Are you finishing school or have you recently graduated? The road to completing your high school years is a different journey for everyone. For some, deciding on a career map is an easy choice, but for others, the decision can seem overwhelming. Whether you already know what you want to do or if you are waiting for Google maps to guide you, we have put together a school leaver’s guide to help.
HOW TO choose a career destination:
PASSION is your driving force
When deciding what job or career path to pursue, it helps to stop and think about what you enjoy doing. Ask yourself, what are you good at and what makes you happy? The answers to these questions can be a good starting point for thinking about what your long-term career path could be.
Use the resources around you
In the lead up to finishing school or commencing further studies, talk to someone in the field you are interested in. Sometimes perceptions of what a job *looks like* compared to the day-to-day function can be very different. Talk with your teachers, guidance officer, parent or guardian, or someone else you know to get more information.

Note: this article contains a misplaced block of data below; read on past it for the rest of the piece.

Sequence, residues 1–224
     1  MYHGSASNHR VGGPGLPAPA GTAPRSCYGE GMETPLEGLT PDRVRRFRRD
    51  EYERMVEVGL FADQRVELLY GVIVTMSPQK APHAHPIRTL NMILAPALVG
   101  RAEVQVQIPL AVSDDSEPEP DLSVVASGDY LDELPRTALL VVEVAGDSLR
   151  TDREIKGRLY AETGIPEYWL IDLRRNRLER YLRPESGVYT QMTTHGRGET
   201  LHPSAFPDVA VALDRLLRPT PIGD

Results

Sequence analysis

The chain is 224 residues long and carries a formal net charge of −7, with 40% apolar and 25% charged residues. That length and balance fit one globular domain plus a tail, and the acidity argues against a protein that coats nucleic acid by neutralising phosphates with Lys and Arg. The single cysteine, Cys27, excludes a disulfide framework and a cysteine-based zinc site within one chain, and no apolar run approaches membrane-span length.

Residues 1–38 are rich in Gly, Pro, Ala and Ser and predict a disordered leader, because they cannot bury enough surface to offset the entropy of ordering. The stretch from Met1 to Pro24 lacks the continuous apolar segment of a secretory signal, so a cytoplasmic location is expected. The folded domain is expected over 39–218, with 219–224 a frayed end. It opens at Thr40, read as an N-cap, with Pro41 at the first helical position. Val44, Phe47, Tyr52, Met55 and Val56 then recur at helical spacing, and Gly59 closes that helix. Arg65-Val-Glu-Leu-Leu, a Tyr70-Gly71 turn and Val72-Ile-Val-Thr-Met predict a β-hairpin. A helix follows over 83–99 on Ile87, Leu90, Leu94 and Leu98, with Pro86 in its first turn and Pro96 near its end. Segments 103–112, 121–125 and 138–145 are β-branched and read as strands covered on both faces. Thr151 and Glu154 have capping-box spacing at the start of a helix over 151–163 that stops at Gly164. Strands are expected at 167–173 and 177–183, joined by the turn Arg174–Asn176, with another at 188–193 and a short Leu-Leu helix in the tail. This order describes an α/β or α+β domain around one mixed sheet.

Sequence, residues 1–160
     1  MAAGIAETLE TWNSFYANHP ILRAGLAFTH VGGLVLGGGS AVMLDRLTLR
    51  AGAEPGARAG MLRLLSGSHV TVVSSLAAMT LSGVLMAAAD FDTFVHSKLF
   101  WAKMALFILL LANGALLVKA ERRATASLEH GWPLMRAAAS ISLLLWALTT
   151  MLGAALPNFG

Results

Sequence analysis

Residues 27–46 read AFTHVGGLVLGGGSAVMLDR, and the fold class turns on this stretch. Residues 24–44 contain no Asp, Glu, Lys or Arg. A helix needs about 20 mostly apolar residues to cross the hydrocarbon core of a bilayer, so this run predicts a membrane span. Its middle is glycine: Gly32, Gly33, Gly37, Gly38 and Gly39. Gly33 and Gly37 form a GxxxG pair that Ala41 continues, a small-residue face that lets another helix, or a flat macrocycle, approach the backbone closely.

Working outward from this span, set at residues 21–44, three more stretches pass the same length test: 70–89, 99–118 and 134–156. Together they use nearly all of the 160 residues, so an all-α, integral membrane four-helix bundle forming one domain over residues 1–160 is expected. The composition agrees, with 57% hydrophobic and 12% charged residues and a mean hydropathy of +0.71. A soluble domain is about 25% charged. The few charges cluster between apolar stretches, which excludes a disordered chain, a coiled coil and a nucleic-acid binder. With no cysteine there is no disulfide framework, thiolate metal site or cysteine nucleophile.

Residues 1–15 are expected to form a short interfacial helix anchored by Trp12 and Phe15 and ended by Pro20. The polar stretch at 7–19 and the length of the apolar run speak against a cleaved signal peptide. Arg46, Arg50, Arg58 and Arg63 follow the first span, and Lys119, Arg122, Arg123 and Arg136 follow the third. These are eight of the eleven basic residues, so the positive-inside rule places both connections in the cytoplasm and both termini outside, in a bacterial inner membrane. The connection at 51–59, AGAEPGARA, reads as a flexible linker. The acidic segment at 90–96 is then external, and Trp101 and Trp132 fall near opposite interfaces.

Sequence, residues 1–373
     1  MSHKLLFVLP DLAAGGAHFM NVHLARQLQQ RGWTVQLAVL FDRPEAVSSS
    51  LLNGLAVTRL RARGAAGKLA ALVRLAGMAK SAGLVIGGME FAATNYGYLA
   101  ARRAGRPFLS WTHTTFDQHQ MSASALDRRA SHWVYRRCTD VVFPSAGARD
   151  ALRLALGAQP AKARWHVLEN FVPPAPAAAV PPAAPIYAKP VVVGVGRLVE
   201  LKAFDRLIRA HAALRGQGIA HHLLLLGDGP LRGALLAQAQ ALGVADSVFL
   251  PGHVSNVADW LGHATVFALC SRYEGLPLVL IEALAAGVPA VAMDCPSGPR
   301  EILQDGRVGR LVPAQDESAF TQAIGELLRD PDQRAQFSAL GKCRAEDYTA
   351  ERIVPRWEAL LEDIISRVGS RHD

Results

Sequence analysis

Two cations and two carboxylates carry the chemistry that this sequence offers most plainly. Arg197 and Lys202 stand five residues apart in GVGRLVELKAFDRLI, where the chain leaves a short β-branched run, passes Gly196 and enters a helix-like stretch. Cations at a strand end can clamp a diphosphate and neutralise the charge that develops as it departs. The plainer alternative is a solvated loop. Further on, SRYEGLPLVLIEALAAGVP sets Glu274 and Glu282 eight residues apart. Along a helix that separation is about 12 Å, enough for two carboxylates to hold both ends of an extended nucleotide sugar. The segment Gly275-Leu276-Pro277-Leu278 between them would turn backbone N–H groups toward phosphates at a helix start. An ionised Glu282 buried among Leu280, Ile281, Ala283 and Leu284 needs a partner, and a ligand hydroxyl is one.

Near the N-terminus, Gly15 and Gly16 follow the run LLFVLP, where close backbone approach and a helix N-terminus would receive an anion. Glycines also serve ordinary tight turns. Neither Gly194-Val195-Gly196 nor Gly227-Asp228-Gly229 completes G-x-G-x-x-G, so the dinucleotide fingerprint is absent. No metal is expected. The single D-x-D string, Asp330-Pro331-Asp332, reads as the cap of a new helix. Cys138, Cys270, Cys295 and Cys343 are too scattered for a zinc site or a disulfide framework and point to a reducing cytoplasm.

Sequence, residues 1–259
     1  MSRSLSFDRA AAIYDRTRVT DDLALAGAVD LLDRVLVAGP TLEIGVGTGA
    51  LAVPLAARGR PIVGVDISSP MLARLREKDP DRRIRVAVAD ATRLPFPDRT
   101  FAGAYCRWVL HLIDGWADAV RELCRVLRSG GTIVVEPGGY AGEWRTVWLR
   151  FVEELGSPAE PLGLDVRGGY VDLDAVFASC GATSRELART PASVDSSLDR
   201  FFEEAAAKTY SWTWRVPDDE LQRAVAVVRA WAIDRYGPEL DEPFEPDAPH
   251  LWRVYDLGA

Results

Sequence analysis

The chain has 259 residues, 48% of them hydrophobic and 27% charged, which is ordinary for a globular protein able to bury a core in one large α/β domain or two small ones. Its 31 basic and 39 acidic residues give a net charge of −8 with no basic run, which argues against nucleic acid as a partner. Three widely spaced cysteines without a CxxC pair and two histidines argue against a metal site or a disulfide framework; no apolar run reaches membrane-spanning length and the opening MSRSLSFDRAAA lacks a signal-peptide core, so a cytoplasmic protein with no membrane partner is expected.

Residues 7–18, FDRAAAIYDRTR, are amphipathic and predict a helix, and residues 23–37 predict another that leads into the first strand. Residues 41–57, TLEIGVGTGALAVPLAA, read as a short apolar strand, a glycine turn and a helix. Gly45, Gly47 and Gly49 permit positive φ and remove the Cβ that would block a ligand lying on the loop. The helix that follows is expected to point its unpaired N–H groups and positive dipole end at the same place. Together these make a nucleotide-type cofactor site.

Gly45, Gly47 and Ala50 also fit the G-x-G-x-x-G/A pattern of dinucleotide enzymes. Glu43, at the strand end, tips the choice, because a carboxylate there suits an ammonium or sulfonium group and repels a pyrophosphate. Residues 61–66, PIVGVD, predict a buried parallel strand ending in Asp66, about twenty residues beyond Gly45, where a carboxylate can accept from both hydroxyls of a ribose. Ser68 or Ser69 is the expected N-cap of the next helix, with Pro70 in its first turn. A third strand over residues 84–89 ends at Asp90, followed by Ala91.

Get firsthand insight
Have you considered the value of volunteering your time? It helps to get firsthand insight, practical experience and even get your foot in the job door. Volunteering is a great way to get job experience and have something meaningful to put on your resume. If you are pursuing a career that requires tertiary study then volunteering, graduate programs and even internships can be a great way to get practical on-the-job experience. It pays to think about this early and not in your final months of study.
If it doubt, consider a gap year
If the idea of studying or undertaking an apprenticeship/traineeship straight away doesn’t appeal to you, consider taking a gap year. Practical, firsthand job experience can be a great way to help you make informed career decisions while earning a wage.
Remember, you can always change your destination